• Join over 1.2 million students every month
  • Accelerate your learning by 29%
  • Unlimited access from just £6.99 per month

poetry written centuries ago is still able to engage readers today

Extracts from this document...

Introduction

NAME: FRANCESCA CATALANO TASK 1: Short written response on poetry TOPIC: Discuss how poetry written centuries ago is still able to engage readers today Poetry written centuries ago is still able to engage readers today through its expression of universal themes and ideas and also by the techniques and conventions of poetry that assist in conveying these themes and ideas. Poetry is a form of art which acknowledges the universality of human psychology. It develops with the civilisation from which it springs and this civilisation is a central part of the poetry itself; however, there are aspects of poetry which are relevant to all cultures at all times. These aspects are of course the themes, ideas, conventions and techniques. Some ideas which appear often in poetry are love, religion, fortune, life and death. These ideas are universal in that they are relevant in society centuries ago, and society today. Conventions and techniques have also been used in poetry throughout time in order to assist in conveying the message of the poem and engaging the reader. Some techniques which are commonly used are metaphor, simile, personification, alliteration, rhyme and enjambment. Hence, from this use of common themes, ideas, conventions and techniques, readers are able to be engaged by poetry no matter when it was written. ...read more.

Middle

By Elizabeth Barrett Browning also presents the idea of religion as it has a continuous reference to spirituality and God. An example of this is in line 4 where it states 'For the ends of Being and ideal Grace'. Ideal Grace is capitalized here and probably refers to God, and His most perfect gift-Salvation. It also refers to the opportunity to experience eternal love and bliss in His presence as she likens her love for the subject to that love of God. It is also evident in the last line where it states, 'and, if God choose/I shall but love thee better after death'. This suggests that her love for him will not end at the grave, but, God willing, will continue on eternally. This reference to God shows that she, the author values religion in her life as do many people in today's society, therefore this idea encourages the reader to relate to the poem and hence be engaged. This shows that the idea of religion is also universal and it being included in poetry assists in engaging the reader no matter how long ago the poem was written. Life and death are ideas that are repeatedly used in poetry, especially those written centuries ago. ...read more.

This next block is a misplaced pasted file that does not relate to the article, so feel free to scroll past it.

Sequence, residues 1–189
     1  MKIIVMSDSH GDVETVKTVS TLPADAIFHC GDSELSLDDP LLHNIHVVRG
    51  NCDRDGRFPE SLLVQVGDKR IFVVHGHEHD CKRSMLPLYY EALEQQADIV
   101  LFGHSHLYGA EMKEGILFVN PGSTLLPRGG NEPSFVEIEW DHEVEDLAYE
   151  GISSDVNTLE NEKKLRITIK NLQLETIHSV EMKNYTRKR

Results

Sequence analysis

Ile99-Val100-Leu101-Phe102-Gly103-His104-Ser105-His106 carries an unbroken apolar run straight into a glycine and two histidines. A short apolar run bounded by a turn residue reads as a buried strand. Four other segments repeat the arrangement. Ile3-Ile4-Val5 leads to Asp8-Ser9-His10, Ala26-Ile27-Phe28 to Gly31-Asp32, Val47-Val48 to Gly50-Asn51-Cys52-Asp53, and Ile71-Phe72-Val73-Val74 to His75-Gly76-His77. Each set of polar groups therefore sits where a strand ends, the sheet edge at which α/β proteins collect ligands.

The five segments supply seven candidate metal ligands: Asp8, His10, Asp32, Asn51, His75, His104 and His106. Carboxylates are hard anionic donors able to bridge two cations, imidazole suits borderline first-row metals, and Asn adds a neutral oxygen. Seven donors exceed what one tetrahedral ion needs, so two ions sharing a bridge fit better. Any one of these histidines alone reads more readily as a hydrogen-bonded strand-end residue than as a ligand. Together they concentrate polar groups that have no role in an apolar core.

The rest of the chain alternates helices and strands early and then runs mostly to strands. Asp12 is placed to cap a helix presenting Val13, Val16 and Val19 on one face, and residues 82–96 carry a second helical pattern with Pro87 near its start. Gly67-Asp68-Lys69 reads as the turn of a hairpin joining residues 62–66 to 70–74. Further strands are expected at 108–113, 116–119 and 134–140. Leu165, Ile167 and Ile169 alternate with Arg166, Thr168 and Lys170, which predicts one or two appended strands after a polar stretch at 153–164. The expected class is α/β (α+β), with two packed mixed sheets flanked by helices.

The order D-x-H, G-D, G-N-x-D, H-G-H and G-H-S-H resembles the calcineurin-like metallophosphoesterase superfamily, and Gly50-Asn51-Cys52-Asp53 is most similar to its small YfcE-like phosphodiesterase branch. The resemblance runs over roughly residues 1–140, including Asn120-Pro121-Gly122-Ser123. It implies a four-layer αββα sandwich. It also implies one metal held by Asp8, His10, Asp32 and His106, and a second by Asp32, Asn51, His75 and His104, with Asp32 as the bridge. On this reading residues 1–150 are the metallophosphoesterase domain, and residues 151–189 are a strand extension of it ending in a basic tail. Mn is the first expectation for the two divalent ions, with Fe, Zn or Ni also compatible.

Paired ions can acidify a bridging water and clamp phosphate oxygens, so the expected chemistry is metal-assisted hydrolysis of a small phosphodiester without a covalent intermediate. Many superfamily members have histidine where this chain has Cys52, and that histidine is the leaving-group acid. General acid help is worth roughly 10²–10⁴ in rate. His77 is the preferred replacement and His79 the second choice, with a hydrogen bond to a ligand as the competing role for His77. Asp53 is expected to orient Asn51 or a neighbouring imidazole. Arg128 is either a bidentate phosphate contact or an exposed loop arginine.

Conclusion

These emotions and ideas that are expressed by poets are those that are expressed by all people at some point. Malouf states that "since poetry speaks immediately out of the centre of each one of us: giving shape to what we too have experienced and did not till then have words for, though as soon as they are spoken we know them as our own". This quote explains the way in which poetry speaks up about what happens in all people's lives and what usually goes unnoticed. Poetry being open to interpretation can be read in many different ways with different meaning being discovered. Poetry as a whole being concerned with universal ideas and themes, relates to all human beings no matter what country they come from or what time they live in. The techniques used in poetry assist in engaging the reader and emphasising the message the poet is trying to send. To conclude poetry written centuries ago is still able to engage readers today as it contains themes, ideas, conventions and techniques that are universal and therefore relatable to all people. The poems written centuries ago continue to give insight into love, religion, life and death even though they were written so long ago. Poetry may reflect the time period with which it comes from, but through the universality of human psychology, it is timeless. ...read more.